Drexel Univ/Univ of British Columbia

3D Printing, Unique Conductive Coating Yield Far Lighter RF Waveguide

May 1, 2024
A new scheme to fabricate waveguides from polymers and make them conductive promises high performance, light weight, and unique shapes.

What you’ll learn:

  • Specifics of non-electronic issues with waveguides.
  • How nylon can be used to make waveguides via additive manufacturing.
  • The virtues of a unique coating that metallizes the nylon waveguide for use.


While coaxial cables may be the preferred interconnect for microwave RF-energy transfers, they’re not the appropriate choice in many situations due to losses, power handling, or other attributes.

In these situations, the classic electromagnetic-energy waveguide, which predates coaxial cable by several decades, may be the better or only option. They’re almost lossless as well as “RF-tight” with respect to leaking energy or susceptibility to external interference. However, waveguides have their own issues with respect to weight as well as possible physical arrangements and configuration.

Now, a project team from Drexel University (Philadelphia, Pa.) and Canada’s University of British Columbia (Okangan) have developed a way to create lighter, more “articulate” waveguides using 3D additive-manufacturing techniques and a special conductive coating (Fig. 1).

3D-Printed Waveguides Using MXenes

While waveguides are typically made from metals like silver, brass, and copper, aluminum is the lighter-weight choice. Their 3D-printed products were created by combining conductive compounds called MXenes with a non-conductive polymer substrate such as nylon. These waveguides can be used as an alternative for metallic counterparts and have about one-tenth the weight.

The idea of using a lightweight polymer with an applied conductive surface to reduce weight isn’t new. Previous techniques such as electroless deposition of metals onto polymer substrates present challenges such as a restricted selection of metals/substrates, thermal stability of substrates and process temperature control, as well as adverse environmental effects.

Even metal paints, including those containing silver flakes, nanoparticles, or nanowires, have been explored. However, stabilizing metal particles—needed for solution processing such as dip coating—requires a complex mixture of stabilizers, additives, organic solvents, and binders, and these nonconductive ingredients have a detrimental impact on electrical conductivity.

What are MXenes?

Instead, the researchers used MXenes, an area where Drexel has done considerable material-science work. These two-dimensional transition metal carbides and nitrides (of which there are over 50 available formulations) have attracted significant attention due to their distinctive properties, including high electrical conductivity, ability to be processed as chemical solutions, thermal-shock stability, and other attractive attributes. MXenes form stable colloids in water and polar organic solvents without the need for additives or surfactants, for easy processing.

They have been used as an additive-free coating material that can be applied to a variety of substrates of any shape, such as foams, glass, and textiles. When properly applied, they conformally cover substrate surfaces. The first discovered, synthesized, and most studied MXene, designated as Ti3C2Tx, has undergone extensive synthesis optimization, with electrical conductivity measured as high as 24,000 siemens/cm.

The application of MXene is straightforward, requiring only the MXene and water. This simple scheme yields a highly conductive coating as soon as the water is evaporated at room temperature, during which MXene’s surface groups facilitate adhesion to the substrate.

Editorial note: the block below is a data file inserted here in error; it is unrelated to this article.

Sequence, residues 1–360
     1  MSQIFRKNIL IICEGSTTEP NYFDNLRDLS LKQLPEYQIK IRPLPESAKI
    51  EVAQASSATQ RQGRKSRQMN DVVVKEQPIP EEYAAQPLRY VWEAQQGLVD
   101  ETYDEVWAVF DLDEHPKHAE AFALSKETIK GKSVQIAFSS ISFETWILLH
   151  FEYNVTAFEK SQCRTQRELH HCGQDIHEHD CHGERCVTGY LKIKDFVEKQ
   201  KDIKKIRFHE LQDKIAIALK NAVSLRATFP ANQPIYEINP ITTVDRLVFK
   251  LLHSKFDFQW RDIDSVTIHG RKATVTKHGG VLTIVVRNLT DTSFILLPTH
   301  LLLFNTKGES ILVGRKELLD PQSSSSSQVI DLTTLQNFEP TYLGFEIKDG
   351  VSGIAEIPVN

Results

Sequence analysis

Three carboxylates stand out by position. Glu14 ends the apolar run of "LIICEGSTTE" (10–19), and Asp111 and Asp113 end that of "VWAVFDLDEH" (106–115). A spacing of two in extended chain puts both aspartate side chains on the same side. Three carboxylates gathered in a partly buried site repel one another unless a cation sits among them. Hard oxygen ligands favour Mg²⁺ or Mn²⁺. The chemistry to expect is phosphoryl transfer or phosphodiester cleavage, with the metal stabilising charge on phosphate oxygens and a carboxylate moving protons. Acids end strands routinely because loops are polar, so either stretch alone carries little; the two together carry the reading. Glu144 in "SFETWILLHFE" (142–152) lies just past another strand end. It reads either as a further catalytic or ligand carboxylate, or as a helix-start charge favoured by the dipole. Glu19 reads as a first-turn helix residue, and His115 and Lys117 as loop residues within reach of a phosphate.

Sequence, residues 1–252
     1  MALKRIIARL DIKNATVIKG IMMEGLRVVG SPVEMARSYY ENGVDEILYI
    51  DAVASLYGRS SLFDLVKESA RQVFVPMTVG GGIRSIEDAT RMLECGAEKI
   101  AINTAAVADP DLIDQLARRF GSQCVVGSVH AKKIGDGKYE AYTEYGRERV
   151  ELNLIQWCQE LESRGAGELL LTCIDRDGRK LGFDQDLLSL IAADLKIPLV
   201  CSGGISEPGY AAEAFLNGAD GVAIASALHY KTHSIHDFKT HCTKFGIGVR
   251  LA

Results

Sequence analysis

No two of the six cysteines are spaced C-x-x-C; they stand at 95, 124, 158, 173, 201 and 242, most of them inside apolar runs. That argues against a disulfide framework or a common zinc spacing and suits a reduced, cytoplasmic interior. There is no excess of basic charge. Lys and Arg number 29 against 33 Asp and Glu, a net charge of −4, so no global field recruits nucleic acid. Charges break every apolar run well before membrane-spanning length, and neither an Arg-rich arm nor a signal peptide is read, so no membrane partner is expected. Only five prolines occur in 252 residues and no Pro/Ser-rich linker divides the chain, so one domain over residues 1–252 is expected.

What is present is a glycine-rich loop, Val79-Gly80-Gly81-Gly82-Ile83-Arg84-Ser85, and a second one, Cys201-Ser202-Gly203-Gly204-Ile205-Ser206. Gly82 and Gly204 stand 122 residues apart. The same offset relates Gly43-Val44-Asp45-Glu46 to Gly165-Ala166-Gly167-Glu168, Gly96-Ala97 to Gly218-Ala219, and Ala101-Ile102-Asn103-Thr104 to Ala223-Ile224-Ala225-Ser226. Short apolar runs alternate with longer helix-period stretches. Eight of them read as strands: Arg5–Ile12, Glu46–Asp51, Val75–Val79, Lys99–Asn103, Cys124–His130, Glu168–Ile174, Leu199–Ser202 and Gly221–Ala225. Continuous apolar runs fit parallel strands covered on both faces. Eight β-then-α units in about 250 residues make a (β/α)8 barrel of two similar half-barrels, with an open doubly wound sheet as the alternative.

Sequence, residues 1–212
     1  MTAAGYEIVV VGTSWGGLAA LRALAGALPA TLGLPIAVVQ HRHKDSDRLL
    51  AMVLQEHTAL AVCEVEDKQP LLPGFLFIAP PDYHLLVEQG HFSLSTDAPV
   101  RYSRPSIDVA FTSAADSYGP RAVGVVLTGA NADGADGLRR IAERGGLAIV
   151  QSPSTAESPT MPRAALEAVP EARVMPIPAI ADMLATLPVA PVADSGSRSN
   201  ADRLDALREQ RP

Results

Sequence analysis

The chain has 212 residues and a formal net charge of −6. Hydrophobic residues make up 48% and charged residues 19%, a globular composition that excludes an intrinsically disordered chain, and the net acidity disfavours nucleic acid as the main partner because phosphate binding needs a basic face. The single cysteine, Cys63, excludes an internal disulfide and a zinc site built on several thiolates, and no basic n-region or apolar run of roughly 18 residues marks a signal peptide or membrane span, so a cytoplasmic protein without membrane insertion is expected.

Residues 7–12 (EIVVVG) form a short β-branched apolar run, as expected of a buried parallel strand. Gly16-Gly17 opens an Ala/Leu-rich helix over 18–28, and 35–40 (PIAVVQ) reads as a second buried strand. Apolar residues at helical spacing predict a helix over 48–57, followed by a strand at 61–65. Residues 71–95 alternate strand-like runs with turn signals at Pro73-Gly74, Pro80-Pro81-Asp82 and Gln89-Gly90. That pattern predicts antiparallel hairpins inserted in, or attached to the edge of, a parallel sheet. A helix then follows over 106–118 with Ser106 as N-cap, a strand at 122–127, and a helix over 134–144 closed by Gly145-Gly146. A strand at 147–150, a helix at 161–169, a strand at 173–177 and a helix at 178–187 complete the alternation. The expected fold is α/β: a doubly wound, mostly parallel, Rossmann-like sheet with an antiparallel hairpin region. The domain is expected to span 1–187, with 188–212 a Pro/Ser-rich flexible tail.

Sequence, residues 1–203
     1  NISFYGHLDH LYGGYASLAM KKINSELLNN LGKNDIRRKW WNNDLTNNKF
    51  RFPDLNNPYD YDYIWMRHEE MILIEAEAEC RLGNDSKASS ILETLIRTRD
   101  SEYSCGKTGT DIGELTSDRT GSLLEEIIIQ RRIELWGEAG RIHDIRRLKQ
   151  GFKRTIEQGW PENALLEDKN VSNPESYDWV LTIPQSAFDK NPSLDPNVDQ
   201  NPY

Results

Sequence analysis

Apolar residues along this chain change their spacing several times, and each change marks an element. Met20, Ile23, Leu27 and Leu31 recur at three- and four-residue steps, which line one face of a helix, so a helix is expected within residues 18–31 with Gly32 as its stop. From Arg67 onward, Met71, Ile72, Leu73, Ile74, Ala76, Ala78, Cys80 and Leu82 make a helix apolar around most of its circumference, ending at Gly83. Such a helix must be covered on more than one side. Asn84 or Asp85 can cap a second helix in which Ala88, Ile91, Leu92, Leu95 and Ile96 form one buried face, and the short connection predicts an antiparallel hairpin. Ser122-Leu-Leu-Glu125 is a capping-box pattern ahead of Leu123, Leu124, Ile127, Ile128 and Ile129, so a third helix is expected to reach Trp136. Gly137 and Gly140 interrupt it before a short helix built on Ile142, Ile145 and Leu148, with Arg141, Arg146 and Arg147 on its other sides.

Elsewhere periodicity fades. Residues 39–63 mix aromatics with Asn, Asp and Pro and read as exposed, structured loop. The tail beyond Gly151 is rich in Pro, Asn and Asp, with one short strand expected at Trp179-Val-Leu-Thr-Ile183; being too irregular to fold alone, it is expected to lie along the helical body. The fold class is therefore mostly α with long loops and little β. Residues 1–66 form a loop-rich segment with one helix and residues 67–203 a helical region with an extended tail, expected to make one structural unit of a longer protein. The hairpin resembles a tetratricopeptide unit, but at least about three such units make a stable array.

The higher electrical conductivity allows for the use of thinner coatings, which are smooth and conformal. Those attributes are especially critical for microwave wavelength, as tiny surface perturbations and ripples have detrimental effects on energy propagation.

Waveguide Fabrication

They chose the commercially available nylon PA-12 as substrate and fabricated the waveguides using a selective laser sintering (SLS) printing method. They then applied the electrically conductive MXene from a water-based MXene (colloidal) solution to polymeric AM components (nylon channels) through a straightforward dip-coating process.

The researchers noted that dip coating is preferred over spray coating because it allows for the use of more concentrated (viscous) MXene solutions, can be used to coat narrow channels of complex shapes, and doesn’t require any special equipment. Their MXene coating added just a tenth of a gram to the overall weight of the component.

The microwave-associated functionalities were demonstrated at different power levels and in the frequency span of 8 to 33 GHz (Fig. 2).

The MXene waveguides performed nearly as well as their aluminum counterparts, showing an 81% efficiency in guiding electromagnetic waves between two terminals after just one cycle of dip coating, a mere 2.3% drop-off from the performance of aluminum (Fig. 3). The researchers demonstrated that they could improve this transmission metric by varying coating layers or the size of MXene flakes—reaching a top transmission efficiency of 95%.

The work is detailed in their short-titled paper “MXene guides microwaves through 3D polymeric structures,” published in Materials Today. The project shows that MXene coatings supported on additively manufactured polymeric components can replace traditionally manufactured channels of traditional metal-based waveguides. The benefits of the method include not only weight and cost of manufacturing, but also the feasibility of creating complex 3D-printed shapes that are much more difficult to make with metal.


Drexel University, “MXenes

Drexel University, “About MXenes

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